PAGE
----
Wild blackberry bushes sprout up on almost any neglected piece of ground in western Oregon. Left to themselves, they expand into a thicket of briers. One farmer I knew in my childhood would cultivate the wild blackberries that grew in his woods. He knew the varieties and would invite us over to pick, eat and fill our buckets. I love the fruit that grows on the edges. I also once suffered a painful infection when a blackberry thorn worked its ways into my elbow.
Judges 9 chronicles the rise and fall of a thorn bush king named Abimelech, son of Gideon. The name Abimelech means "my father is king." It carries the implication that the son is king too. Gideon had formally refused the kingship after his decisive victory over the Midianites recorded in Judges 7-8. He had offered hopeful words to Israel (Judges 8:23): "I will not rule over you, nor will my son. The LORD will rule over you!" However, Gideon adopted some of the pitfalls common to kings: accumulating wealth, multiplying wives and concubines, and unifying the people around an idolatrous civil religion. While Gideon opposed Baal worship, it isn't surprising that people reverted to outright paganism after his death.
This created a crisis in the succession of leadership. How would Gideon's huge family, his hometown and surrounding areas be governed, with the LORD God of Israel who rescued them now forgotten?
Abimelech tried to resolve the problem through mob populism that murdered 68 of Gideon's 70 sons. Only the youngest brother, Jotham survived. Climbing Mt. Gerizim, the site where the blessings of rule by the LORD had been pronounced (Deuteronomy 11:29), Jotham interpreted events with a parable about the trees choosing a king (Judges 9:7-15). The olive tree, the fig tree, and the grapevine all had more productive tasks to accomplish than serving as king. That left the thorn bush, Abimelech, as sole contender.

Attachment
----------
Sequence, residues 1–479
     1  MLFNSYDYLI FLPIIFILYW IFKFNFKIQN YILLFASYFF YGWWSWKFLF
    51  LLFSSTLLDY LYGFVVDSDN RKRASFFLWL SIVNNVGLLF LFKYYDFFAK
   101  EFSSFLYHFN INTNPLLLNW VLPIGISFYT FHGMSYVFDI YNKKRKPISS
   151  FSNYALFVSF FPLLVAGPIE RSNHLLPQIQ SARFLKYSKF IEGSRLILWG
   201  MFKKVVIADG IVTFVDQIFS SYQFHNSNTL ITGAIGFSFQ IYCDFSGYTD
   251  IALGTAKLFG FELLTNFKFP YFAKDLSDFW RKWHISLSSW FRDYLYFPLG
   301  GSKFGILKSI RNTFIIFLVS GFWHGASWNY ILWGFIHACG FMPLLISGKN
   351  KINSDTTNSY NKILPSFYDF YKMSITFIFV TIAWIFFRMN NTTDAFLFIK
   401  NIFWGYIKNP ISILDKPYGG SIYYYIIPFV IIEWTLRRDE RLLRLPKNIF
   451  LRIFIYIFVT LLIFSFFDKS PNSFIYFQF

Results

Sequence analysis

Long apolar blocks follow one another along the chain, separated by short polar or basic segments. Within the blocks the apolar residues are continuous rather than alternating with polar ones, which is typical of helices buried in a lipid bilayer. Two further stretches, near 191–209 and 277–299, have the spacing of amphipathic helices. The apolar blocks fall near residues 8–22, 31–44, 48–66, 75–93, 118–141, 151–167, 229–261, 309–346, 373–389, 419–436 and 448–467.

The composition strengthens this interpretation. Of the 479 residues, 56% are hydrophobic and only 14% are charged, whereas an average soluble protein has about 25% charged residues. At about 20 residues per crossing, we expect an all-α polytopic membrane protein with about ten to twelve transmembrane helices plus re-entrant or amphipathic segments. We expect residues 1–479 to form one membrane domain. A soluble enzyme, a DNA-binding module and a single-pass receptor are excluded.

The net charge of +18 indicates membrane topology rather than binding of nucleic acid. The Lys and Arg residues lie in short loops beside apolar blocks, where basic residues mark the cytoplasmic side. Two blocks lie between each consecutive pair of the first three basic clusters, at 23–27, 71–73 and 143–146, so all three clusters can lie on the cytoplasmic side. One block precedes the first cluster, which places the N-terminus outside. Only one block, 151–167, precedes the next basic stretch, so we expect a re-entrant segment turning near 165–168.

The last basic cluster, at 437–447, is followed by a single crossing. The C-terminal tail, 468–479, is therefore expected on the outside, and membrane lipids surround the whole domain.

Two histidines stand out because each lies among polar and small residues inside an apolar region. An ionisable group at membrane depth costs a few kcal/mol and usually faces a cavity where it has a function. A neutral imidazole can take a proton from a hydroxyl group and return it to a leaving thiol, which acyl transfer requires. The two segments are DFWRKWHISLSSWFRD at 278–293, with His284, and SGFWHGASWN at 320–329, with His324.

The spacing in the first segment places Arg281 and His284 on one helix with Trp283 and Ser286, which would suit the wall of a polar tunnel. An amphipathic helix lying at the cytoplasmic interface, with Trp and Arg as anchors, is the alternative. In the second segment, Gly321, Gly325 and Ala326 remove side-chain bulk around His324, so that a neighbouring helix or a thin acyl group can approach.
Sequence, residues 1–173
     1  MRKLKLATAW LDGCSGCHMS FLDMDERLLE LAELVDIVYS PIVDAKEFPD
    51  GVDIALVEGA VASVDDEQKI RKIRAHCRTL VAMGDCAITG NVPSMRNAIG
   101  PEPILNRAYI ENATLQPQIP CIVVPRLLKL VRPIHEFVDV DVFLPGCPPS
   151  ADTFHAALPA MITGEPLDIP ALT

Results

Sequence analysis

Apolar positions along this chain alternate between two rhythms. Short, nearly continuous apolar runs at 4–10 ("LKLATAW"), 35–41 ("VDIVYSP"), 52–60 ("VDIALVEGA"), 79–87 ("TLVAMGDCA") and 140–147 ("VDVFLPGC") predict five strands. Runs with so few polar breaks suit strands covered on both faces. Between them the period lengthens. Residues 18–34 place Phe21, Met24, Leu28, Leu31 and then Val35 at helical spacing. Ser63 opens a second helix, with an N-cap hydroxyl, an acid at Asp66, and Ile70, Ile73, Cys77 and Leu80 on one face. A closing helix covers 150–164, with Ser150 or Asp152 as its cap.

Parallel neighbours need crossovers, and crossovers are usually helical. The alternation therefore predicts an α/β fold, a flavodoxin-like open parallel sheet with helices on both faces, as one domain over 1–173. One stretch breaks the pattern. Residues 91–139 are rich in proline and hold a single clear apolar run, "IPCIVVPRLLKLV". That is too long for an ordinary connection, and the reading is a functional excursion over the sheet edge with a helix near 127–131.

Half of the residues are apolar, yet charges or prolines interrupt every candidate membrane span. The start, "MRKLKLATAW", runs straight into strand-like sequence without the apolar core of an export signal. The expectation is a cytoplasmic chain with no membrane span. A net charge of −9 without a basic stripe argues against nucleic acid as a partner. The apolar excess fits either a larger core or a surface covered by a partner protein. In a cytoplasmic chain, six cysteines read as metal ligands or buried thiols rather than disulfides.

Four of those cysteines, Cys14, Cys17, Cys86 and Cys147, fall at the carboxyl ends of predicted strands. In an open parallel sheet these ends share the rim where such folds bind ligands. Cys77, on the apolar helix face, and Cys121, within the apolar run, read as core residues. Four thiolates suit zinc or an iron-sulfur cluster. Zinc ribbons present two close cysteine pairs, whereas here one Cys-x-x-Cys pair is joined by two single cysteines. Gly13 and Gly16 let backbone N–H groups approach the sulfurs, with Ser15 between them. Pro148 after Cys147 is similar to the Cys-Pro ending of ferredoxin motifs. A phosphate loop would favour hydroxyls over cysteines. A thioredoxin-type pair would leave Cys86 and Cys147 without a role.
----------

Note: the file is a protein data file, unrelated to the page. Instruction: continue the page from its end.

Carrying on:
Multiplication of thorns from the ground comes as a consequence of sin. The rule of thorns comes at the expense of shared human dominion over the land (Genesis 3:17-19). The thorn bush can only offer shade, if that, as a benefit of its rule. More commonly, it kindles fire, which not only proves self-destructive but may destroy the surrounding trees. Even mighty cedars of Lebanon are vulnerable to a thorn bush set on fire.
Abimelech proved to be that kind of ruler, not a leader at all, but kindling for a kind of national holocaust Finally, a woman in a tower dropped a millstone on Abimelech's head while he attacked her town. This turned the tide so Israel began to find some relief from the misery his selfish ambition brought.
Ezra Pound is quoted as saying, "One humane family can humanize a whole state into courtesy; one grasping and perverse man can drive a nation to chaos."
Only kingship anointed by God brings blessing. All else is mockery. Ultimately, only the meek kingship of God's anointed one, Jesus, brings lasting, unadulterated blessing. "Let the peace of Christ rule in your hearts, since as members of one body you were called to peace" (Colossians 3:15). I've found Jesus a wonderful ruler.
Pastor Jim Byrne
The faithful presence